JM How much time did you spend there your first trip?
ES Six months
JM And you self financed the whole thing?
ES Yes, it was a little hairy, not so much the money thing, it was more not having the institutional support or the network so that was intimidating. Actually I ended up in a very lucky situation, and I always say luck is when opportunity meets preparation. I was prepared but I didn’t have a plan. I knew I was motivated enough to self finance it and I did a bunch of research but I didn’t have an organization or a point of contact that I had even connected with prior. Getting on the plane I had no concrete plan, just show up and start knocking on doors and I did that.
JM What about the language barrier?
ES I had a phrase book, you start with hello and thank you and people are really impressed. Eventually you realize you don’t need language to communicate that much. I know that sounds crazy but if you can build trust and just humiliate yourself a little bit, people will sense that you’re able to be honest and vulnerable and you can actually get quite a bit done. Now that we have a business we have a country manager in Laos and at the time I had intermediaries too but I got lucky, the first door I knocked on was a woman who had a textile business that was focused on employing women, hand looming and natural dying.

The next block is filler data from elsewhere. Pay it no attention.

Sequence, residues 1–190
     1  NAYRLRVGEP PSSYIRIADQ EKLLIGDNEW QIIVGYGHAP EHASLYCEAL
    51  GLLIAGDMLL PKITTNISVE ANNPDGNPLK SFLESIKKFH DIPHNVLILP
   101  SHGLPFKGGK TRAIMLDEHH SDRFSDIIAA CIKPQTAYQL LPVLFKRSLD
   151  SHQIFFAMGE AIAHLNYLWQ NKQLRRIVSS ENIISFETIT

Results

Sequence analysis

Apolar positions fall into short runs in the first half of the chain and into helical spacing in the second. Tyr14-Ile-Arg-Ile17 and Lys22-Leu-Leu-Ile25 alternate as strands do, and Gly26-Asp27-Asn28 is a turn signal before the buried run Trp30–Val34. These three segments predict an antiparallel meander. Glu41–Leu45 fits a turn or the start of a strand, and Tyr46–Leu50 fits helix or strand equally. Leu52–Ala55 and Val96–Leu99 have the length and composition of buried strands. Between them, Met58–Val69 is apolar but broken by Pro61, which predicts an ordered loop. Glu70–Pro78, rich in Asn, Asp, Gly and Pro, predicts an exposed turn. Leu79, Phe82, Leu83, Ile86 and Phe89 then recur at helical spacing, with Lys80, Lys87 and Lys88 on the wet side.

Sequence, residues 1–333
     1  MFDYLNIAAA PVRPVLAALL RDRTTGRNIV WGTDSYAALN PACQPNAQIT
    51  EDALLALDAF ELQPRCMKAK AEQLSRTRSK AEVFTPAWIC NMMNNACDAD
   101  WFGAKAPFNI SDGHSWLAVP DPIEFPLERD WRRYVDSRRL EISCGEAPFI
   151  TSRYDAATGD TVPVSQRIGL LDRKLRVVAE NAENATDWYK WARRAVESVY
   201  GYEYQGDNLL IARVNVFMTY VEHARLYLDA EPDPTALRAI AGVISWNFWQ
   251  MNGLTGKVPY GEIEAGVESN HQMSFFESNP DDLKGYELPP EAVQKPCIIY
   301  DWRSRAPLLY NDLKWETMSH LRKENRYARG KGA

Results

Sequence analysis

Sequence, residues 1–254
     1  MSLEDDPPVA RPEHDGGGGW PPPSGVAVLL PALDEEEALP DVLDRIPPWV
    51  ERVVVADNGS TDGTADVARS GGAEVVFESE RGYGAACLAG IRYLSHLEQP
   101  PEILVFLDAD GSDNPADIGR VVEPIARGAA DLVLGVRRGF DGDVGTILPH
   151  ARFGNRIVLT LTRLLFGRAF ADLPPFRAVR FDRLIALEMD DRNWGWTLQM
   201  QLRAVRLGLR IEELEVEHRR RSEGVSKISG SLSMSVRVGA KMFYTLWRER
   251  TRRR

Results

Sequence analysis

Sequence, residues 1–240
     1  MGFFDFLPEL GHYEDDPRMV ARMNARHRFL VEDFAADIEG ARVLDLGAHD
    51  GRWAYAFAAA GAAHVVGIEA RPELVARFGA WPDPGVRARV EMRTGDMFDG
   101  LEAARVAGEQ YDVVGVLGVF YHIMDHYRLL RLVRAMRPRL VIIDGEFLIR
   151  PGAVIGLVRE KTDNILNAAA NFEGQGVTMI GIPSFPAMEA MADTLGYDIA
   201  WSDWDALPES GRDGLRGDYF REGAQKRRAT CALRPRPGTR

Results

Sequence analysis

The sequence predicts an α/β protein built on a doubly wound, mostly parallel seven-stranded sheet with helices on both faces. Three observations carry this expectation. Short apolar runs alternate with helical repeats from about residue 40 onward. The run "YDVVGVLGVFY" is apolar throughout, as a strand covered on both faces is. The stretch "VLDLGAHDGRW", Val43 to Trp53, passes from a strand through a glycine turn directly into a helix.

JM So you struck gold right away.
ES Completely, she was also the president of the Laos Handicrafts Association. So I knock on her door. She’s not there; I’m offered tea and wait. I spent so much time in her studio and I’m looking through the curtain at the weavers and I don’t want to leave, it was amazing. By the time I am about to leave she comes home. We started talking and she did speak a little bit of English and French, she studied in France. She was a unique woman because she had gotten out and wasn’t touched by the war herself because she was studying. She was a true pioneer and my inspiration in Laos. My humble role was to take some photos, write some text and help her daughter learn a little bit of English. She and her daughter found me an apartment and lent me a bike and helmet and had me for lunch pretty much every day. In return I got so much more, this whole experience was priceless.